With just the press of a button, VT Docs identifies keywords and phrases and assigns them into separate categories. The keywords relate to any potential risky language within the RFP. Each category relates to a team, for example, tax, legal, accounting and insurance. This means each team doesn’t need to manually search through multiple documents, looking for keywords. It reduces the time spent on this task, while at the same time, increases efficiency.
Importantly for Chickasaw, they use the time saved on reading and searching multiple documents to improve the quality of their response. And because their teams are seeing all pertinent keywords, they are in a better position to ask clearer questions in the initial Q&A phase. It also means they can be more specific in their response about what they can and can’t deliver.
Cherokee Federal uses a thoughtful and systematic approach to proposal management. In their recent webinar with VisibleThread, they shared some of their best practices for successful proposal management. This talk highlighted how Cherokee Federal integrate VisibleThread at key points to streamline their process and minimize risk.
Cherokee uses a risk dictionary in VT Docs to check for potential compliance issues. It also helps the team to ensure they’ve covered the critical concepts to their customer during the Red Team review.
When preparing subcontractor RFPs, Cherokee uses concept tracking in the FAR review process. For preliminary risk and compliance, they’ve saved valuable time by running a compliance matrix in minutes––sparing them hours of manual work. Cherokee uses VisibleThread to generate a responsibility matrix to draft subcontractor RFPs more efficiently.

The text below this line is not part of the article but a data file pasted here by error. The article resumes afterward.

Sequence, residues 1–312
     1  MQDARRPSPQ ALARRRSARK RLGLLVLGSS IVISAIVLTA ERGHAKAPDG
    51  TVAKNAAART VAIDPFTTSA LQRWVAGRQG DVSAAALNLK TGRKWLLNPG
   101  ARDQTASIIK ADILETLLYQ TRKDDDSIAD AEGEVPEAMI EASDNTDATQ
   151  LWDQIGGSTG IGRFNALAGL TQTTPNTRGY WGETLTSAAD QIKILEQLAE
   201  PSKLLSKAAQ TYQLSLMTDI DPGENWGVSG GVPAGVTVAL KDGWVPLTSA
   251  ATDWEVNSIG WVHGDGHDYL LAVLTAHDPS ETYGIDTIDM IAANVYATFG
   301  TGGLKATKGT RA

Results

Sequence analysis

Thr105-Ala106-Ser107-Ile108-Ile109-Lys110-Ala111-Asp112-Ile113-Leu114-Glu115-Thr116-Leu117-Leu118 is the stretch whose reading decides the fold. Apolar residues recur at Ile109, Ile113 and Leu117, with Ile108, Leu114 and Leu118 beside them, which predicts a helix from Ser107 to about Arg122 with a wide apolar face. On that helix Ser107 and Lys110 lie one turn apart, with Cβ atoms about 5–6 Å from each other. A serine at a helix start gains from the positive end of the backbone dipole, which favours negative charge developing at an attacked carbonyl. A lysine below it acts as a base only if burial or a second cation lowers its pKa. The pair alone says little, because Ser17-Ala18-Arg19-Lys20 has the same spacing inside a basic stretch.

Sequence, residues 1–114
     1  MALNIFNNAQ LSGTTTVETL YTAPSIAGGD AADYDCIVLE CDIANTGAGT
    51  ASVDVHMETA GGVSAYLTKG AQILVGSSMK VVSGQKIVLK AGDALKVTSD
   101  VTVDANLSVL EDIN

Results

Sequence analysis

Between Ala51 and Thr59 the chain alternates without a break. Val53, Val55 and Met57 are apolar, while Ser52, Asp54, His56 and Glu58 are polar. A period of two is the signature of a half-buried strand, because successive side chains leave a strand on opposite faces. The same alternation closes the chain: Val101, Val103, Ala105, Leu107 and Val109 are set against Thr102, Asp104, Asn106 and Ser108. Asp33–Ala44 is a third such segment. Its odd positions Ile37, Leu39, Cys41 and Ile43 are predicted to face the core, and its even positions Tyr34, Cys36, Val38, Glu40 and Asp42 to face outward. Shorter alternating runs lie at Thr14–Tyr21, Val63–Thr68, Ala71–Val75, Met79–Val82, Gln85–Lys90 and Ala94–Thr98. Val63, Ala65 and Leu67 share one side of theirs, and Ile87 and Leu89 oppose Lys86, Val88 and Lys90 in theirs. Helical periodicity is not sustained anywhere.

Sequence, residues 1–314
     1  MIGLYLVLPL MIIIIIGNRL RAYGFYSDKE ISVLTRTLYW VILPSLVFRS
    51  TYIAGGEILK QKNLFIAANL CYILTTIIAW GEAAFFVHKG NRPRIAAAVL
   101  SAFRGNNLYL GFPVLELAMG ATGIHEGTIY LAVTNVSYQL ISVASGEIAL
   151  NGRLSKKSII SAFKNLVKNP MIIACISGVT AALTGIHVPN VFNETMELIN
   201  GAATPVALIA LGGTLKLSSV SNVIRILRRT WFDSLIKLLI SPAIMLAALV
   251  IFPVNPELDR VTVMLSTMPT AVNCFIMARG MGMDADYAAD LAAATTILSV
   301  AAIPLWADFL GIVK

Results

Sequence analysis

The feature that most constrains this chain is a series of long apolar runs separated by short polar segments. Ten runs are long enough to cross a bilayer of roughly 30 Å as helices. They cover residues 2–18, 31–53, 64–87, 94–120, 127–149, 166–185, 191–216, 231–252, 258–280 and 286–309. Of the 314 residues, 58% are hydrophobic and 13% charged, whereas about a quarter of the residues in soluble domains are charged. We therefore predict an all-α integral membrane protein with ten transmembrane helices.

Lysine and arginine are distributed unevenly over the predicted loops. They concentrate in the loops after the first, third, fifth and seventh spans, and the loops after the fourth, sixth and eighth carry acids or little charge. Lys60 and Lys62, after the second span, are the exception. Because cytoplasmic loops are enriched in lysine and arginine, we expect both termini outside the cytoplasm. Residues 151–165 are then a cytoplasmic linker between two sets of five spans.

Before release, they perform final checks for potential Quality Control (QC) fixes––identifying and correcting readability, bad language, and acronyms.
What are risk mitigation techniques in project management?
Mitigation is a strategic risk response wherein a project team takes active steps to reduce the probability or impact of a negative risk to a project. There are generally four risk mitigation strategies. All of these strategies require a project team to work together and communicate effectively.
- Accepting the risk. Your team analyzes all the risks and their consequences to see which risks are acceptable. These could be risks that may not have a significant impact on the project.
- Avoiding the risk. The goal of this strategy is to develop a plan that helps you avoid the risk. This strategy requires ongoing communication and monitoring. For example, if a project looks like it could incur extra costs your team should set strict budgets and ensure everyone sticks to these limits.
- Controlling the risk. If you cannot avoid the impact of the risk, another strategy is to control it. By understanding the risk and its potential impact, your team can come up with a plan to manage or limit the impact. For a project with tight deadlines, your team could schedule daily updates to flag and manage potential delays early.
- Monitoring the risk. This is where project risk management is so important. Risk can change throughout a project; new risks can emerge and some risks are managed and eliminated. This strategy involves keeping track of all the identified risks and consequences so that your team notices any changes immediately.